In writing about his own poems in his book of essays, The Glass Anvil, Andrew Hudgins mentions the quandary poets and fiction writers face in making things up. “I'm always astonished,” he writes, “at how falsely I remember things, astonished at how plastic memory is. And even when I know a memory is incorrect, part of my brain cleaves to the wrong, imagined memory, and now I hold two images in my head, two memories – and the false one is more vivid and more emotionally significant to me than the actual one. Which, then, is the truest memory? It's convenient when the actual events adequately convey the emotional experience, but sometimes they don't and the writer has to choose.”
Often the choice devolves to which version provides the juicier words, for crucial to the urge to write is an interest in the English language that for me probably had its roots in the secret language Rob and I shared as twins. Etymologies fascinated me, and one of my grander moments in high school occurred when in my illicit reading – a book open on my knees but hidden out of the view of the teacher – I fell upon the word “onomatopoeia,” which is defined as the formation of a word by imitation of the sound to which it refers, such as bang, boom, and cuckoo. I couldn't remember ever having seen such a strange word before, so I puzzled over it for a while. The next thing I knew the English teacher in my Jesuit high school – a lay man in his twenties named Mr. Schaeffer – was giving us our difficult weekend reading assignment. A classmate, Mickey Deising, complained that the weather was going to be beautiful and the homework hard, couldn't Mr. Schaeffer let us off just this once? And the sporty teacher negotiated a deal with us: our class could pick one person and the teacher could pick a word. If that student could spell it, we'd have no homework for the weekend.
You probably see where this is heading.
To my surprise and trepidation, the class picked me, chanting, “Han-sen, Han-sen,” and so I became the chosen one, and Mr. Schaeffer, already clearly complacent about his victory, chose the most difficult word he knew. “All right, Mr. Hansen,” he said. “Spell onomatopoeia.” I couldn't believe the luck, and when I correctly spelled the word out, Mr. Schaeffer loudly cussed in his frustration and my high school classroom erupted in wild hoots and cheers. A measure of how miraculous that seemed to one classmate is that he recorded the anecdote in a book of favorite memories for our thirtieth class reunion.
High school began for me just after the closing of the Second Vatican Council and in our religion classes we became acquainted with the Council's new conception that our primary liturgical celebration was located at two tables: the dinner table of bread and wine, of course, but also the table of the food of written and spoken word, with both tables united by Christ, the Word Incarnate. Words were sanctified for their healing, nurturing, blessing, challenging, and gathering power, and homilies began to draw upon fiction, poetry, theater, and film as additional resources in guiding us toward holiness and the love of God and others. Writing itself, at least for me, was given the lofty stature of priesthood, as another way of imitating Christ.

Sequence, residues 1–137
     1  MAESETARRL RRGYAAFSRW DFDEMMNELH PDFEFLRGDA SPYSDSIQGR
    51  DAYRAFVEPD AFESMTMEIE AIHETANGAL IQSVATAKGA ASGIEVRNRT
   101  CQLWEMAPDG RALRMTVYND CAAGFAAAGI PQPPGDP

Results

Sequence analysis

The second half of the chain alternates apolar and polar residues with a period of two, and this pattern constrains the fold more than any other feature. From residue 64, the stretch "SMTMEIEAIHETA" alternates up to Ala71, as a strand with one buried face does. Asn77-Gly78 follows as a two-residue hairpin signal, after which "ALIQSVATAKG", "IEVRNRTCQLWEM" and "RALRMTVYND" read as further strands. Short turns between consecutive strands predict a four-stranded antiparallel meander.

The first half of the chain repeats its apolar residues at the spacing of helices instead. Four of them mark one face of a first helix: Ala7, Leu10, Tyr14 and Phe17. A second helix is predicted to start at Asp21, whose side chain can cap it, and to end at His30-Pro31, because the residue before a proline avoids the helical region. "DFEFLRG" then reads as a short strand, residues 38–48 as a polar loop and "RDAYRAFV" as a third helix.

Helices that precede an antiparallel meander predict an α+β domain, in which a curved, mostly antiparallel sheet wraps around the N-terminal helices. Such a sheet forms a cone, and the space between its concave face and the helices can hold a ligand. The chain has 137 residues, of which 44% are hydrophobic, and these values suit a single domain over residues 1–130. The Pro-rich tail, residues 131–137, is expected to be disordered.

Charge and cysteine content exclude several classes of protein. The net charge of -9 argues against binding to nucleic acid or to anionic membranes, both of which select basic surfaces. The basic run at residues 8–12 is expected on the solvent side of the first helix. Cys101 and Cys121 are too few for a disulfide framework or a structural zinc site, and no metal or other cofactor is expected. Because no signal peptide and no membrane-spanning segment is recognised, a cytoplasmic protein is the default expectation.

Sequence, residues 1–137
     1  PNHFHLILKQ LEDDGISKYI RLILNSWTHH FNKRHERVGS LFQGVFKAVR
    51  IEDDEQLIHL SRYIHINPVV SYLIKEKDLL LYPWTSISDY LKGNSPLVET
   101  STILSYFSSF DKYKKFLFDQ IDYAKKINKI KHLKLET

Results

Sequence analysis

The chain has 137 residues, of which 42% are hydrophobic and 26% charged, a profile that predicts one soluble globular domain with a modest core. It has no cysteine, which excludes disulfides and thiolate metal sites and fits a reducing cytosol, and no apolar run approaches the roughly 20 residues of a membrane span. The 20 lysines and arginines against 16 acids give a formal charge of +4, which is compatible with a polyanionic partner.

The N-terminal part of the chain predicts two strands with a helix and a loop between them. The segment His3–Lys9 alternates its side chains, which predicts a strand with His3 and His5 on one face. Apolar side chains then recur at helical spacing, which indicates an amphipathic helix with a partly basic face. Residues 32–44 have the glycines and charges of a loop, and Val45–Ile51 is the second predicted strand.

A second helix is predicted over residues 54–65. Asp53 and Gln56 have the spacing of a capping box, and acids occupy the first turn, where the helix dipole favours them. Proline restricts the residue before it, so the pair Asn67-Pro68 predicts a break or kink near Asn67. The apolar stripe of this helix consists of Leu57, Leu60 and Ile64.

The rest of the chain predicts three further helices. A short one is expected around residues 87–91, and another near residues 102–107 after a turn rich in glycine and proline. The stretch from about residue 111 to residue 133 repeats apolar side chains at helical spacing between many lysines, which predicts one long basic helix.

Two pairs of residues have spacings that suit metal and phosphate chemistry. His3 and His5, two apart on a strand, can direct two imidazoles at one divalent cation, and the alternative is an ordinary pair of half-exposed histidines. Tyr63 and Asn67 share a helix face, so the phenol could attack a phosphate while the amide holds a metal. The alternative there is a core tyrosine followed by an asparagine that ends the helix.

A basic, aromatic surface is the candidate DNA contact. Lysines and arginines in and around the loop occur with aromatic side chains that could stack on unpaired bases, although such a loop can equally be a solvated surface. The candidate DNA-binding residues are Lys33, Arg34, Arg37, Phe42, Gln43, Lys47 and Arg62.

All of us here have felt the urge or need to write or to work closely with the writing of others, so the occupation does not seem as strange to us as it may have to those worriers we call parents and loved ones. Someone said that behind every successful husband stands a surprised mother-in-law. At some point I suspect all of us here have had to deal with some mixture of doubt, puzzlement, and relief as we forged ahead with our career decisions.
I have had the good fortune to be rewarded for my writing. And yet I'm certain I would continue making things up even if I were, like Emily Dickinson or Franz Kafka or Gerard Manley Hopkins, writing only for an audience of a few choice friends.
Sir Laurence Olivier was once asked how one could properly make a decision about a life in the theater, and he simply responded, “If anything can keep you from acting, let it.”
That seems to me the choicelessness in writing, too. There is joy in the simple making of things that cannot be denied, that seems as essential as health, for creativity is a participation in the divine. Saint Augustine wrote in his Confessions, “Thou hast made us for thyself, O God, and our hearts are restless until they rest in thee.” It happens incrementally, but that restlessness ultimately leads some of us to write about what God has created and puzzle out our place within it.